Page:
An Explication of "My mistress' eyes"

Essay by jordan09 July 2004

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William Shakespeare was born in 1564 and died in 1616. He was an English poet, dramatist, and actor. He is thought of as the greatest dramatist of all time. "During [his] lifetime, his plays were mentioned and imitated as often as those of any of his contemporaries" (Neilson & Thorndike). Shakespeare's sonnets were published in 1609, and he wrote a total of 154 sonnets. All of his sonnets have some relation to people he knew. The identities of these people are still open for debate. His sonnets express strong feeling and follow a very artistic form. In Shakespeare's 130th sonnet, "My mistress' eyes," (rpt. in Thomas R. Arp and Greg Johnson, Perrine's Literature: Structure, Sound, and Sense, 8th ed. [Fort Worth: Harcourt, 2002] 885), he describes a mistress that is far less than perfect, but he loves her regardless. In this sonnet, he definitely uses strong expressions in a sarcastic way.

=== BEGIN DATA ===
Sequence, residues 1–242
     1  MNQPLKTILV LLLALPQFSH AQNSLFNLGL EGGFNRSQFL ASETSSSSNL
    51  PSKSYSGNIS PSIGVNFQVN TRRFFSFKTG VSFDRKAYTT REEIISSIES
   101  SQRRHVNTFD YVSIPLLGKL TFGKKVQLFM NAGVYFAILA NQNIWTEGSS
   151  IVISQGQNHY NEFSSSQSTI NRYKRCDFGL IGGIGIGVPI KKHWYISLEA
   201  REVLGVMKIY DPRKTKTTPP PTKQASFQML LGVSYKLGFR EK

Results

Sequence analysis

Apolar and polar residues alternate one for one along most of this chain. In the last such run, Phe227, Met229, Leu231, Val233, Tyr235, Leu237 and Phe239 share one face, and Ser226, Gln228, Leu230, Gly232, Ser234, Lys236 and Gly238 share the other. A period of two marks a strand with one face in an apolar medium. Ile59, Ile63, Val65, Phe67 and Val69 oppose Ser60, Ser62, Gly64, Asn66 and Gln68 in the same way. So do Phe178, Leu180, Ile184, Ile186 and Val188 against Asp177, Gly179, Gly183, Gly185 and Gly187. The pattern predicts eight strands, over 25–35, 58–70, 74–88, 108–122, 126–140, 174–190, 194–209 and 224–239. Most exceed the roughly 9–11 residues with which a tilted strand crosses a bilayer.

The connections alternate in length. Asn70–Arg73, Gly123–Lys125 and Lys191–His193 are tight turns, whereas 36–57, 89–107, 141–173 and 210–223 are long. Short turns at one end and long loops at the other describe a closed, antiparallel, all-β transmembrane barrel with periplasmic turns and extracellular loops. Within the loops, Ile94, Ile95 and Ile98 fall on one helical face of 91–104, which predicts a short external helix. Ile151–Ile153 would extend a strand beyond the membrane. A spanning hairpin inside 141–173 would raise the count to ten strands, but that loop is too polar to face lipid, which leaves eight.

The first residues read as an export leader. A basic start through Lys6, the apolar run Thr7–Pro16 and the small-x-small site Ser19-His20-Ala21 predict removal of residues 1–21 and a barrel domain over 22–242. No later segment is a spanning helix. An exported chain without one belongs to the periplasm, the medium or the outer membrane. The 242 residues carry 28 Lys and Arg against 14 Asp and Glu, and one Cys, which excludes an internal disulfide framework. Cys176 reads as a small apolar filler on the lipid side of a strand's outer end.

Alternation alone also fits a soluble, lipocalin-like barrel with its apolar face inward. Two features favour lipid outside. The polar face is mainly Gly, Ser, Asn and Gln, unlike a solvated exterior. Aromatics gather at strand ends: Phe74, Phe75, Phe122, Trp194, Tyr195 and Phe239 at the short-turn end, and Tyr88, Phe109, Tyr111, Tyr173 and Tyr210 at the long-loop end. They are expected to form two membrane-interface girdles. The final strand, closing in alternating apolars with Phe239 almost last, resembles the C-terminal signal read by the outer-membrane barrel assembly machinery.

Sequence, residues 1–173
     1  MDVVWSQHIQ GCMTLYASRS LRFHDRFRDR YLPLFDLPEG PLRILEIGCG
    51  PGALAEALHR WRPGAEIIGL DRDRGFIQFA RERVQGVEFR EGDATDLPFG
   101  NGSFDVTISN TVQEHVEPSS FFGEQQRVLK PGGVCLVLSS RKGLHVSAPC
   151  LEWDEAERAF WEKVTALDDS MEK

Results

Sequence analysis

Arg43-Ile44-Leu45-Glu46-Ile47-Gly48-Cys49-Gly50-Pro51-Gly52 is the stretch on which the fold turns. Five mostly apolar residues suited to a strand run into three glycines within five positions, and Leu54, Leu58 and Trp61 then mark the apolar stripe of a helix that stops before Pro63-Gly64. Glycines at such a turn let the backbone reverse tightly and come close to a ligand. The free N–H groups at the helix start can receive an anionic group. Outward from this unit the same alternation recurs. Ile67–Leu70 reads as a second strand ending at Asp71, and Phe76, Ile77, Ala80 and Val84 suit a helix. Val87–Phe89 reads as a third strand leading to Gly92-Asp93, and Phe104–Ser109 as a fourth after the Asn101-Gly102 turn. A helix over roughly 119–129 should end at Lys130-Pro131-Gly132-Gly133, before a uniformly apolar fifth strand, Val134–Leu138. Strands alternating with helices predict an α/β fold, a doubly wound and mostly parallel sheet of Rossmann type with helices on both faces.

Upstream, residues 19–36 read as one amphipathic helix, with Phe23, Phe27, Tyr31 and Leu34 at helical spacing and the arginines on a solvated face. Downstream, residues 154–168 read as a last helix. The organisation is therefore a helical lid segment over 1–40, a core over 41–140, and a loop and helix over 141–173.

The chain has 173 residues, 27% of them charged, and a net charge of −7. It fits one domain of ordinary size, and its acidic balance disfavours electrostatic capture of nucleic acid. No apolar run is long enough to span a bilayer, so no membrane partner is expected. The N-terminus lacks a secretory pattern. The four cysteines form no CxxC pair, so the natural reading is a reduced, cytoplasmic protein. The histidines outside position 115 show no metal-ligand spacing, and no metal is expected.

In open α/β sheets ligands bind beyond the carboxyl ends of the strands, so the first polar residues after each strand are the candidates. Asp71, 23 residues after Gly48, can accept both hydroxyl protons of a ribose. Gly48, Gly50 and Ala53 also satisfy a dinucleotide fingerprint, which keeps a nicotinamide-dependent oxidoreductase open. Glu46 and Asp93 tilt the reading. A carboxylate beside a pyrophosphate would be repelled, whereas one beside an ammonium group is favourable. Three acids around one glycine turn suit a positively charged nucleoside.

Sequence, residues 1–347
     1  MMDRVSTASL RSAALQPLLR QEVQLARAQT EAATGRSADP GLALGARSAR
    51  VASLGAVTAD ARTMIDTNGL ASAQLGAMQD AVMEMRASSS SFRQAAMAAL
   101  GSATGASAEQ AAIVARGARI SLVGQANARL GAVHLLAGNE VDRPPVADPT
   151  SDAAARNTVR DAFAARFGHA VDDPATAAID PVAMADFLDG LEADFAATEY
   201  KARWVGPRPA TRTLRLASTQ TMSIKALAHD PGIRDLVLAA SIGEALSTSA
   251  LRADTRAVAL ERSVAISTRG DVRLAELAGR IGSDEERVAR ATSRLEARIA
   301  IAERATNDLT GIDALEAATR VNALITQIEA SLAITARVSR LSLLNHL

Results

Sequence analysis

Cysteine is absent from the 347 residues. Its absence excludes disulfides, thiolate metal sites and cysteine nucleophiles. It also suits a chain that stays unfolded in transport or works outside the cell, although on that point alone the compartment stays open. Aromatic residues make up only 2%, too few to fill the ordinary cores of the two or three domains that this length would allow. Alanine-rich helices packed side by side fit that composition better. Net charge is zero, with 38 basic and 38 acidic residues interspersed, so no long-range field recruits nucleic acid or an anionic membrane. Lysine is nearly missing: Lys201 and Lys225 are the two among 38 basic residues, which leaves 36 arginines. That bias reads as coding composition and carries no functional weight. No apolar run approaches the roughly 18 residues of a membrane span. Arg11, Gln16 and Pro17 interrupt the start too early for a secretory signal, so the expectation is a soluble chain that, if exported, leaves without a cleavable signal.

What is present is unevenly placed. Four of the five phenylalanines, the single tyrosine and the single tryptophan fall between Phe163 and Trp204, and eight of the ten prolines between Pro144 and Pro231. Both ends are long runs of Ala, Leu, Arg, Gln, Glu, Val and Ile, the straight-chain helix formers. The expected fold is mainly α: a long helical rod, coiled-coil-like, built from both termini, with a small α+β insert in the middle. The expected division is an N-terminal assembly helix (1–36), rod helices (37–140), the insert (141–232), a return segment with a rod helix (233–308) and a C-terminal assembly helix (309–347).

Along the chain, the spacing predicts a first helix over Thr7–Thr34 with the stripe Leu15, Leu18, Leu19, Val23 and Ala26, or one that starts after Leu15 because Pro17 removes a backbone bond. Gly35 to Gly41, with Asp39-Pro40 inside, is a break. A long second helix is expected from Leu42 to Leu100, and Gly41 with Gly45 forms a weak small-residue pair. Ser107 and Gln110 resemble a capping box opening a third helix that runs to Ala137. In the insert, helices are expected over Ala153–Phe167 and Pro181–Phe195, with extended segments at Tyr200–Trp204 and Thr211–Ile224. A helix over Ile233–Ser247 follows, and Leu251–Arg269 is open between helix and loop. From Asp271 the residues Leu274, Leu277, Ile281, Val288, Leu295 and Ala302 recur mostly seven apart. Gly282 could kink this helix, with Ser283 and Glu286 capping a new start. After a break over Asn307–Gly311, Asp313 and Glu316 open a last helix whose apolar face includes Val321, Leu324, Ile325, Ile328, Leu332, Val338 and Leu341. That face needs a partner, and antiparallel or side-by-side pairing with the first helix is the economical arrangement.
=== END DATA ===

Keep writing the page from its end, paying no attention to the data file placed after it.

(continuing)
"My mistress' eyes", sonnet 130, has fourteen lines. The rhyme scheme of this sonnet is ababcdcdefefgg. The last two lines are the rhyming couplet. Although this sonnet follows the normal pattern of a sonnet, this one is rather different in content. According to the lit finder in The Alabama Virtual Library, most Renaissance sonneteers, such as Edmund Spenser and Philip Sidney, wrote about blonde ladies with milky white complexions. However, Shakespeare's describes a different view about love in his "My mistress' eyes." In this sonnet, he portrays love and beauty as something that is not just skin deep, but something that comes from the heart.

In line one of the sonnet, Shakespeare claims that his "mistress' eyes are nothing like the sun" (1). This opening statement sets the mood of the poem, which is a criticizing one. Next, Shakespeare describes his mistress' lips. He does this by portraying...